Item:
ONTL21034

Original British Rose Top British Transportation Police Bobby Helmet - Formerly Part the Tower of London Yeoman Warders Club Collection

Item Description

Original Item: Only One Available. IMA recently acquired a collection of headgear from the Yeoman Warders (aka “Beefeaters”) Club located at the Tower of London. The club has a strict policy of allowing only members of the Yeoman Warders and their guests entry. It has become a tradition over the years for visiting guests with any current or prior military or police service to leave one of their pieces of headgear. Over the years this collection has grown too large, leaving the Warders to liquidate the collection to IMA! Making this quite an exclusive offering!
 
The Traditional Bobby helmet was named after the creator of the British Police Force, SIR ROBERT PEEL, who became Prime Minister under Queen Victoria. This version is known as a "Rose Top" which was replaced by the later “Comb Top” versions.
 
The front Helmet plate has a "Queen's Crown" to top, over a starburst, with BRITISH TRANSPORT POLICE in a blue enameled circle. The "Queen's Crown" indicates issue sometime after 1952, when Queen Elizabeth II assumed the throne.
 
The helmet interior is rigged with its Riot Gear liner with web hook and loop fastener chin cup, but the actual liner is completely missing. The Helmet also is fitted with it's everyday patent leather chin strap as well. The original label is missing as well as the size label. The size is approximately 57 cm.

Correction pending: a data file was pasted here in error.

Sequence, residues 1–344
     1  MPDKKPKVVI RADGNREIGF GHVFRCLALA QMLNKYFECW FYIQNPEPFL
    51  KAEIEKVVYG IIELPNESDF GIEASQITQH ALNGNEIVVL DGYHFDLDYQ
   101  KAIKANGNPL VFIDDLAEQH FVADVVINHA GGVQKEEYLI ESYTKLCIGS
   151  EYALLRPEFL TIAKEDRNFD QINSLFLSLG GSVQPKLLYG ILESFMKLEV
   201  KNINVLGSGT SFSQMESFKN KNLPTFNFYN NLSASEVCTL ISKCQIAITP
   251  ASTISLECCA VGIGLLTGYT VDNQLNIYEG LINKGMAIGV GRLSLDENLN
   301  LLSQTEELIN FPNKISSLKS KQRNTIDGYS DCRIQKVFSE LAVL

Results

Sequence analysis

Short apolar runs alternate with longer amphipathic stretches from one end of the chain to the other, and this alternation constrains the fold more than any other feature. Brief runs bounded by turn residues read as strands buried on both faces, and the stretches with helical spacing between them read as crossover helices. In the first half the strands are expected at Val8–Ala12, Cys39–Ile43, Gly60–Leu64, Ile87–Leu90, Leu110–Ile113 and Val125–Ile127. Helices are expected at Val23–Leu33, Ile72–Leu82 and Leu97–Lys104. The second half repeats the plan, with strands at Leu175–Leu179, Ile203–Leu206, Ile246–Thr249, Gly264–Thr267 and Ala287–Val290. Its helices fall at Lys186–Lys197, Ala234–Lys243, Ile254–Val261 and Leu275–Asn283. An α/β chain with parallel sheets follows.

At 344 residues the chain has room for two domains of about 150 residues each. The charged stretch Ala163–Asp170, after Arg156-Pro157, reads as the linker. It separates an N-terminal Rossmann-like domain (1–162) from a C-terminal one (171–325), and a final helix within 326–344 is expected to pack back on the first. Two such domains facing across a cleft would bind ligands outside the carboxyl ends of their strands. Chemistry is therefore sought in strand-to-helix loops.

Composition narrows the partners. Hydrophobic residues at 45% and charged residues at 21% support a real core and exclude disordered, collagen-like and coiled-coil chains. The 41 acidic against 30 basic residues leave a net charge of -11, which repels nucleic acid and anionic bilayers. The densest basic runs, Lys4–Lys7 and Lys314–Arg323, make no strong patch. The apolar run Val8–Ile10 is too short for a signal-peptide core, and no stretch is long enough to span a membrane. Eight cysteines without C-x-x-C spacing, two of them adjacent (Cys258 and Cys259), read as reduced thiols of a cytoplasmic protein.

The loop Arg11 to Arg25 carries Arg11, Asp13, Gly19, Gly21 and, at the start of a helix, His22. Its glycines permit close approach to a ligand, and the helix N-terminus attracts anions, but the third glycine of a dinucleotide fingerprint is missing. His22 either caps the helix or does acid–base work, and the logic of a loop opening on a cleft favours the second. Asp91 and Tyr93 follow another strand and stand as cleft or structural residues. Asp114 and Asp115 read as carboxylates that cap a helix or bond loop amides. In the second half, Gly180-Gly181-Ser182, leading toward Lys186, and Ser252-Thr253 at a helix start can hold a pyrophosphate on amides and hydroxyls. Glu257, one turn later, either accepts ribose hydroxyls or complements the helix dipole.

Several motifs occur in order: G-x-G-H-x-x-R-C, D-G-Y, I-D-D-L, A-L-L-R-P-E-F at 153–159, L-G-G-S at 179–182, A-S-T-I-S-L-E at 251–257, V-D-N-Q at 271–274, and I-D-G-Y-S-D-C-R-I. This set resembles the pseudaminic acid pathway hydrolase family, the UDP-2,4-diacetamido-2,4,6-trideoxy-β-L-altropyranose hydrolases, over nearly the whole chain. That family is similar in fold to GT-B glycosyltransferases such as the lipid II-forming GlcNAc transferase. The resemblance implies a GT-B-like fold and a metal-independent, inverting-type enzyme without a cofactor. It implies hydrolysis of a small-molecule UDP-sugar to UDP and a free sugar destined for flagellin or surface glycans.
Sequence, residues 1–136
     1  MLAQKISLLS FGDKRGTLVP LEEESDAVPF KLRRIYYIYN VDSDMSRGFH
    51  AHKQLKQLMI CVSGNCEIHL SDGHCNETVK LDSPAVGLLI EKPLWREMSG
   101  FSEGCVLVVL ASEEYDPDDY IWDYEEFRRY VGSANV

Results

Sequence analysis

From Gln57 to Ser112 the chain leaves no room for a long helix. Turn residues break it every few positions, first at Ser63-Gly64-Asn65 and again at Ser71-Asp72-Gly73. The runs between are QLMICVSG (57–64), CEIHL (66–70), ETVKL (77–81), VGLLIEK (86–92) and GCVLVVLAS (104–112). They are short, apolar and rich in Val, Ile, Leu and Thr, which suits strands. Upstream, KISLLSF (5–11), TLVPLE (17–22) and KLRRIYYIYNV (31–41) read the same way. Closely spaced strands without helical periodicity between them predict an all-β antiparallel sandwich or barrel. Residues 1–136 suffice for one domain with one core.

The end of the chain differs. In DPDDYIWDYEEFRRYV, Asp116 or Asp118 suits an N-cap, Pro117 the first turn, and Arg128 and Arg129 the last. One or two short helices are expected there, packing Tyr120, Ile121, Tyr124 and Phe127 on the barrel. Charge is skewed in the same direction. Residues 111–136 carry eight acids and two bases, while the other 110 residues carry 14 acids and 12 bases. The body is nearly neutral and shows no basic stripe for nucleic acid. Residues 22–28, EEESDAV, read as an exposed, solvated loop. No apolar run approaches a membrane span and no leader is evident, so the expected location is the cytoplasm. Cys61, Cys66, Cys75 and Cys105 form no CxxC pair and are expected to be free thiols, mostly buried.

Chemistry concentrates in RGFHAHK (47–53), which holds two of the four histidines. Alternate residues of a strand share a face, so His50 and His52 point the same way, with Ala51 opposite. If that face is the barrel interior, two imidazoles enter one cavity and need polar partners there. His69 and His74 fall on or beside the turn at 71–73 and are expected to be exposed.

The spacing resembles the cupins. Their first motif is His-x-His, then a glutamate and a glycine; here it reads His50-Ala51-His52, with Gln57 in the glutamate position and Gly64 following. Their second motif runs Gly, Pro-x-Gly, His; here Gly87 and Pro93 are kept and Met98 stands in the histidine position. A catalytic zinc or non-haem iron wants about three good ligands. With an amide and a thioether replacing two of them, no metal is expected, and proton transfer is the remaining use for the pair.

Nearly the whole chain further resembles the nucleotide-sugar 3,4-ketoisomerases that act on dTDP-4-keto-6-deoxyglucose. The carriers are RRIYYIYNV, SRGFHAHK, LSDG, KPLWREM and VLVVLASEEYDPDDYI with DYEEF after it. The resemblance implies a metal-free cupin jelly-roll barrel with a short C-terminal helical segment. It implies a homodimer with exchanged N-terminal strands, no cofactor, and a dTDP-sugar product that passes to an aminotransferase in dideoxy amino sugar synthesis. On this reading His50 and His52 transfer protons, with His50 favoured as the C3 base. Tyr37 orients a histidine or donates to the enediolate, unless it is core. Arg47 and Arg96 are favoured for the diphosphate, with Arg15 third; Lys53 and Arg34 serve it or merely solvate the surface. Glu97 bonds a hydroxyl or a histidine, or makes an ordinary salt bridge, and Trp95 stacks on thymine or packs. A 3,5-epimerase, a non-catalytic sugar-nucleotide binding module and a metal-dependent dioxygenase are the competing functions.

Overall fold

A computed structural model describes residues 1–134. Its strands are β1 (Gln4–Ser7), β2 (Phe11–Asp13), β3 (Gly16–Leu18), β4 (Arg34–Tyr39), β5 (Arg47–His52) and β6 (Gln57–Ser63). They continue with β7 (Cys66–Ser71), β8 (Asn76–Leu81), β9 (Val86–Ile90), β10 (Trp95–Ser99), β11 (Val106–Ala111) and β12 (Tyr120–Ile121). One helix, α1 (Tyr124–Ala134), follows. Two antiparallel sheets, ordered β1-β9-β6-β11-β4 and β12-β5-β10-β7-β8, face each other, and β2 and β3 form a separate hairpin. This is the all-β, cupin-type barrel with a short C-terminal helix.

In very nice overall condition and ready to display.
 
The British Transport Police is a national special police force that polices railways and light-rail systems in England, Wales and Scotland, for which it has entered into an agreement to provide such services. The force is funded primarily by the rail industry, and does not receive central government funding. British Transport Police officers do not have jurisdiction in Northern Ireland unless working under mutual aid arrangements for the Police Service of Northern Ireland, in which case any duties performed on a railway will be merely incidental to working as a constable in Northern Ireland.
 
The first railway employees described as "police" can be traced back to 30 June 1826. A regulation of the Stockton and Darlington Railway refers to the police establishment of "One Superintendent, four officers and numerous gate-keepers". This is the first mention of railway police anywhere and was three years before the Metropolitan Police Act was passed. They were not, however, described as "constables" and the description may refer to men controlling the trains rather than enforcing the law. Specific reference to "constables" rather than mere "policemen" is made by the BTP website article "A History of Policing the Railway" which states "The London, Birmingham and Liverpool Railway Companion of 1838 reports 'Each Constable, besides being in the employ of the company, is sworn as a County Constable.'" Further reference is made by the BTP to "an Act of 1838...which according to J. R. Whitbread in The Railway Policeman was the first legislation to provide for any form of policing of the railway whilst under construction, i.e. to protect the public from the navvies more or less."
 
The modern British Transport Police was formed by the British Transport Commission Act 1949 which combined the already-existing police forces inherited from the pre-nationalisation railways by British Railways, those forces having been previously formed by powers available under common law to parishes, landowners and other bodies to appoint constables to patrol land and/or property under their control. This is distinct from the establishment of a police force by statute, as applicable to the Metropolitan Police in 1829; BTP did not have jurisdiction on a statutory basis until the enactment of the Transport Police (Jurisdiction) Act 1994, which was subsequently amended by the Railways and Transport Safety Act 2003.
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